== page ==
Let’s face it: divorce is always difficult. Even in cases of stipulated divorces, agreement does not always account for – or excuse – emotional distress. Understanding the differences between the two may not help you when it comes to the emotional stress or your personal feelings, but it may help you when it comes right down to the divorce process itself.

First, let’s cover the grounds for divorce. According to Wisconsin law, the only grounds for a divorce is the decision that the marriage is “irretrievably broken”. This does not need to be an agreement between the couple. It can be a decision made by only one party. Even if one were to contest the grounds for divorce, that individual cannot “block” a divorce from taking place. This is also considered the first contestation of a divorce. However, unless stipulated, all divorce cases are considered by the courts to be “contested”.Contested-Divorce-Two

The proceedings begin by filing two documents; a petition for divorce, and a summons. The petition must state the history of the marriage and further states the wanted outcome of the divorce. The summons says that a response within 20 days must be made. In the case of contested divorces, temporary orders are usually issued. These orders essentially state a set of temporary rules set forth by the court that both parties must adhere to until the court renders a final decision. In these cases, two more documents have to be filed. They are an affidavit of temporary relief, and an order to show cause. These orders request temporary support, temporary custody, etc. The order to show cause states the date and time of the hearing where the temporary orders will be issued.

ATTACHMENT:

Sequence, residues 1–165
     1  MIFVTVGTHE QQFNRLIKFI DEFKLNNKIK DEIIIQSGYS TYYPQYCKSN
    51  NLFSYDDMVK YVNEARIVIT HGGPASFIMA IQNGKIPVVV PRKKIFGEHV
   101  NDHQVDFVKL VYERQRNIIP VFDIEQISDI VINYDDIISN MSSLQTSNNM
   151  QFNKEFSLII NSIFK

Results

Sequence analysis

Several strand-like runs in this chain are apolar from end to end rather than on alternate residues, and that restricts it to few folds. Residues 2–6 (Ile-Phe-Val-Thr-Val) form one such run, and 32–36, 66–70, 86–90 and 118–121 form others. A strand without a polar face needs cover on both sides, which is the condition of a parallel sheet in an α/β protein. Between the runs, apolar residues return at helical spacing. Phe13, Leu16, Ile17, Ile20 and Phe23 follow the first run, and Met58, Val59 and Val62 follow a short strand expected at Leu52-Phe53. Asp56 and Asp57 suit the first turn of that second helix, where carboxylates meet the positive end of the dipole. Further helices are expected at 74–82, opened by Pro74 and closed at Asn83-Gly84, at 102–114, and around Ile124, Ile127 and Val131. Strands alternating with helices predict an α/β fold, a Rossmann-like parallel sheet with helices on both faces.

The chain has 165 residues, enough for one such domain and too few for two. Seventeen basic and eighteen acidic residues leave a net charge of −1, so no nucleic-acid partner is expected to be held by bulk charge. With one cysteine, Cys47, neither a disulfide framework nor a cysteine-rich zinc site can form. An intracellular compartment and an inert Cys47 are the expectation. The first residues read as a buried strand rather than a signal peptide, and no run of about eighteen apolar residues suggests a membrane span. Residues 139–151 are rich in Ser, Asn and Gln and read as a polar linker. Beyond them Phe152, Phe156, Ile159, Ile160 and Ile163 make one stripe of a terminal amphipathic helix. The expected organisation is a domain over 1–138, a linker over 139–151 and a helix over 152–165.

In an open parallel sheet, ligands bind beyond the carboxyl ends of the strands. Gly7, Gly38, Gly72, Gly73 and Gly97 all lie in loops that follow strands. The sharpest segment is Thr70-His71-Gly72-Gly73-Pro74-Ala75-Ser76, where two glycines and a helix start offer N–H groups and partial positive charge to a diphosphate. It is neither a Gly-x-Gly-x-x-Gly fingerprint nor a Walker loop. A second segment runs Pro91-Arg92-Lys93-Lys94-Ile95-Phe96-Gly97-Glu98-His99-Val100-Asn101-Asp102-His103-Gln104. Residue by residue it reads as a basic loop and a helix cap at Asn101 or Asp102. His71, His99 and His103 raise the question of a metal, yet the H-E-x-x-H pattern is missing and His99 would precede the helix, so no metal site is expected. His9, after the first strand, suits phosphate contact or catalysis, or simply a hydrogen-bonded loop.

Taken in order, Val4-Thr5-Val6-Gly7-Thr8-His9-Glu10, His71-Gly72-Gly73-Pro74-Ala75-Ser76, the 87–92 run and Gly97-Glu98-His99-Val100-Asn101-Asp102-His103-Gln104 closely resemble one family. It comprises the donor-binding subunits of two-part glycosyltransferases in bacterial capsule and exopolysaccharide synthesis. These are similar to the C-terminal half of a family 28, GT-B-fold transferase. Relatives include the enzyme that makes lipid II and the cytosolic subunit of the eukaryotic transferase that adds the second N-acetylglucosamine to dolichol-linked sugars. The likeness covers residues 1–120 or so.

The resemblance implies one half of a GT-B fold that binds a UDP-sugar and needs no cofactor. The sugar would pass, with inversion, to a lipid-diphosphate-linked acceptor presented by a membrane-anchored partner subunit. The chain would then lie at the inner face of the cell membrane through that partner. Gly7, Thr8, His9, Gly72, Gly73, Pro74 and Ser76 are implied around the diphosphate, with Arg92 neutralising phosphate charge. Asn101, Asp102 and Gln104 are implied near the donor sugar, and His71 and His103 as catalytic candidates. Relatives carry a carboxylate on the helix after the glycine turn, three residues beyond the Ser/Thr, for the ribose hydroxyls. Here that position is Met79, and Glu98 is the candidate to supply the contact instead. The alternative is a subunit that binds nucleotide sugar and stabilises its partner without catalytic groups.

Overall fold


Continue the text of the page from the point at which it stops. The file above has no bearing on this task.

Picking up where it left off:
After an individual properly files the two documents, the petition and summons, the documents are then served to the family court commissioner and/or the responding spouse. The individual requesting the divorce is the petitioner, the other is called the respondent. Both are parties in the divorce action.

Unless the court makes a very rare exception in light of an emergency, a contested divorce takes at least four months. A full 120 days from the serving of the initial papers, to the final hearing. Most divorces, however, take longer than the standard four months. This is due to several factors. The complexity of the case at hand, whether or not the spouses can agree on most of the issues, and any other things that must be taken care of before the trial. A divorce is not effective – or complete – until the final hearing. There then, of course, is the 6 month waiting period before either spouse can get remarried.

Trisha Festerling, J.D.

Family Law Attorney

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